1. The Hamburger Menu
In the early 1980s, Norm Cox and his colleagues at the PARC research center found themselves with a difficult challenge. It was up to them to design a new way of navigating machines.
“The challenge was daunting, but the creativity, the free exchange of ideas, and the opportunity to change the world was infectious,” says Cox.
Since then, the hamburger menu has risen to ubiquity and become a highly recognizable affordance. Its rise to popularity is a result of its ability to reduce clutter, group secondary and tertiary content in a single place, and extend real estate for product managers.
However, like many champions at the peak of popularity, the hamburger menu has become the juicy whipping boy of modern design discourse. To temper the charbroiled backlash, I’d like to share the ways in which it can be beneficial when appropriately applied, discuss how some designers have been led astray, and share some tips for responsible hamburger usage.
2. How it can work better
A common critique of the hamburger menu is that it hides important content from users. The principle of “out-of-sight out-of-mind” makes discovery difficult and causes usability to drop through the grill like an unbound patty. Still, this obstacle is a direct consequence of menu designers’ failing to take the user navigation experience into consideration. In the most problematic cases, the menu acts as a “dumping ground” for navigation and additional content rather than a purposeful navigational surface. When structured well, the hamburger menu can serve as a delicious life raft for users who want to travel elsewhere, like the fat footer of a few years ago.
The hamburger menu is useful because it draws the user’s attention to the site content they came for. Users arrive to a site or open an app-hungry for a bite of the available content. They’re looking to receive value from the product. While navigation is helpful, it’s secondary to content. It becomes the meat of the user experience only after the visitor has received value from site exploration and chosen to return to the barbecue for a second helping. Over indexing the navigational experience diminishes the content experience that initially brought the user to the site — whether it’s a news article, photo gallery or content feed. It’s putting the sizzle before the patty.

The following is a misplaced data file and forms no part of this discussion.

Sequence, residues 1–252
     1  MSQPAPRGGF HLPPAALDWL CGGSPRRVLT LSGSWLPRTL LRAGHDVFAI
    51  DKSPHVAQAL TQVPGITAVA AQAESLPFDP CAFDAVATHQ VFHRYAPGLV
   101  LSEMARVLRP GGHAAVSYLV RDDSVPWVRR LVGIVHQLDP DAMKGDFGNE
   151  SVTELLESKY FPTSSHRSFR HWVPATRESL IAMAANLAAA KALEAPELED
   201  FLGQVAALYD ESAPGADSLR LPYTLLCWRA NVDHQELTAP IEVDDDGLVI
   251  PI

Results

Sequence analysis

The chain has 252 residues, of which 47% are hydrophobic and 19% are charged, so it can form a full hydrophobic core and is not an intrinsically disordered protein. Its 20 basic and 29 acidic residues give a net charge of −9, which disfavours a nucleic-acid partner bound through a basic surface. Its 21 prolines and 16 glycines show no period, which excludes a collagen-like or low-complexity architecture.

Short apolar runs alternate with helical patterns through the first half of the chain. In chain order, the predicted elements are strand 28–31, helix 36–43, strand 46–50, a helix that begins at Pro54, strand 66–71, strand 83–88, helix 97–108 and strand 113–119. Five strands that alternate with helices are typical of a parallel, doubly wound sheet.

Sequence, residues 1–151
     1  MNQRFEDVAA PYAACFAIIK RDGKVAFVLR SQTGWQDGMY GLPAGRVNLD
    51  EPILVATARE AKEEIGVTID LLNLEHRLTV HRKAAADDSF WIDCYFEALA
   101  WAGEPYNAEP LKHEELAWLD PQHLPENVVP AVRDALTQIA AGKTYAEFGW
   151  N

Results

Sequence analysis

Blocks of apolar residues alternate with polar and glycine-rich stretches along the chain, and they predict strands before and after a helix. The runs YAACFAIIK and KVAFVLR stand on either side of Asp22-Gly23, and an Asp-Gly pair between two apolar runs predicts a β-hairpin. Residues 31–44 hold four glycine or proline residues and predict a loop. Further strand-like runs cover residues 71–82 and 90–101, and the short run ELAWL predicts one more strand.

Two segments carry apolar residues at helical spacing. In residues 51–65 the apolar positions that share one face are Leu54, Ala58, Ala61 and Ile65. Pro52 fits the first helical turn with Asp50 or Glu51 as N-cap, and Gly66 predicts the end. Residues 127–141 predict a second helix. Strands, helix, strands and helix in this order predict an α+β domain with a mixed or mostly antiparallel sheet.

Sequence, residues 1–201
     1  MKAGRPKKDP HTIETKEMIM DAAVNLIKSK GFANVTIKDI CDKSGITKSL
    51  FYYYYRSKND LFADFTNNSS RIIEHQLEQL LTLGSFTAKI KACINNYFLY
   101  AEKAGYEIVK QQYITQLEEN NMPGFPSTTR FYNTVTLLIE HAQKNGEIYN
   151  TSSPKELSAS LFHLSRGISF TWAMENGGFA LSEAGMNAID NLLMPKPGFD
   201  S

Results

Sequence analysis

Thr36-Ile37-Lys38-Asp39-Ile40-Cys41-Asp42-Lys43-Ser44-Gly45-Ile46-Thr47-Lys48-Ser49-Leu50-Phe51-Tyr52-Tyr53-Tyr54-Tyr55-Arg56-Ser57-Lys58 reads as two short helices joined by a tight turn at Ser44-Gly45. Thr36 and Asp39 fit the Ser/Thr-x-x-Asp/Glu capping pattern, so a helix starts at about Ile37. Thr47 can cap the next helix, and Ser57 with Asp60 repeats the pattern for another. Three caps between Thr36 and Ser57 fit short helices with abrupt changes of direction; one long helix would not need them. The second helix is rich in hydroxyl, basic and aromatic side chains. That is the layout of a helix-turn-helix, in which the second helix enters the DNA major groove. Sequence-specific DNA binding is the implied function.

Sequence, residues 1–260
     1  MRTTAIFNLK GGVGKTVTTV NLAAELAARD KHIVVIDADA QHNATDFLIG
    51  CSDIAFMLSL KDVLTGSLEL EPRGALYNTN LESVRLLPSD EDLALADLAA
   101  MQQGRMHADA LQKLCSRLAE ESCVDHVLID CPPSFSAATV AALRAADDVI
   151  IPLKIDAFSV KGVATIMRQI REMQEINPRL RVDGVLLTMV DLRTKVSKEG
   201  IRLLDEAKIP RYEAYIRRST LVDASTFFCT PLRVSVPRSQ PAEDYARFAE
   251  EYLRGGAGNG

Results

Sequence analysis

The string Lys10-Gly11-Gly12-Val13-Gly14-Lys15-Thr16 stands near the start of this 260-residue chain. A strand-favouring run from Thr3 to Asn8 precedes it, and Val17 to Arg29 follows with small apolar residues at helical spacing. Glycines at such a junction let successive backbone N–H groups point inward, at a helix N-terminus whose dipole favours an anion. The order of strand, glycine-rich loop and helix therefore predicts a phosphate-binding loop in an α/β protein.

Troubleshooting aside, the hamburger menu has gained an impressive amount of traction to date and will likely continue to become part of the shared vocabulary of UI design. Friction is normal when introducing a new technology: think about the affordances we use every day. A 3.5” disc for save or a physical clip board for copy. Had these conventions not already been a holdover mainstay of the 80s and 90s, they’d likely be in the same situation today. As time goes on, the inconsistencies in the interaction will lessen and we’ll develop a shared expectation of outcome when we click that tantalizing icon.
3. How some designers are led astray
The biggest misstep I see when using the hamburger menu comes from accepting it as standard practice without fully considering its specific user base. Like any tool in our designer toolbox, it should be deployed to the right audience under the right circumstances. Responsible and informed designers can and should validate the hamburger menu as the correct solution for their specific product and audience. You wouldn’t grill up a 12 pack of prime rib patties for a group of vegetarians, now would you?
The next big misstep I see is a lack of purposefulness in the menu. The hamburger menu is not an additional space for marketing, social media, navigation, or any other features that “fit”. It must have a clear purpose and set of principles for product managers and stakeholders to align to post-launch. By setting a clear purpose for the menu, users will form clear expectations around the menu’s purpose and use.
The last large issue I see is one of interaction design. Designers need to ensure the menu’s hit area is large enough for clumsy thumbs, shaky streetcars, and any other environmental variables.
4. Tips for responsible hamburger usage
To help address this wide range of obstacles, I’ve put together a few tips for designing the juiciest flame broiled off-canvas menu possible:
– Most importantly, know your audience. Think deeply about whether your audience will know what the hamburger menu is and how it works. Test it with actual users. Be certain it’s the right tool for the job.
– Develop principles for the menu just like you would the overall site. Provide guidelines and name the menu if you can. Get buy-in on the philosophy behind it — that’s the best way to prevent pollution of the menu.
– Finally, test the design in context. Get away from your quiet desk, test it walking down the street or on the bus. Ensure it’s snappy and responsive, delivering hits only when you want it to.
The problem isn’t the hamburger menu. The problem is undisciplined, inappropriate application. Thoughtful designers consider their audience, test its implementation, and ensure it’s executed with a clear understanding of the menu’s intent in the customer’s journey.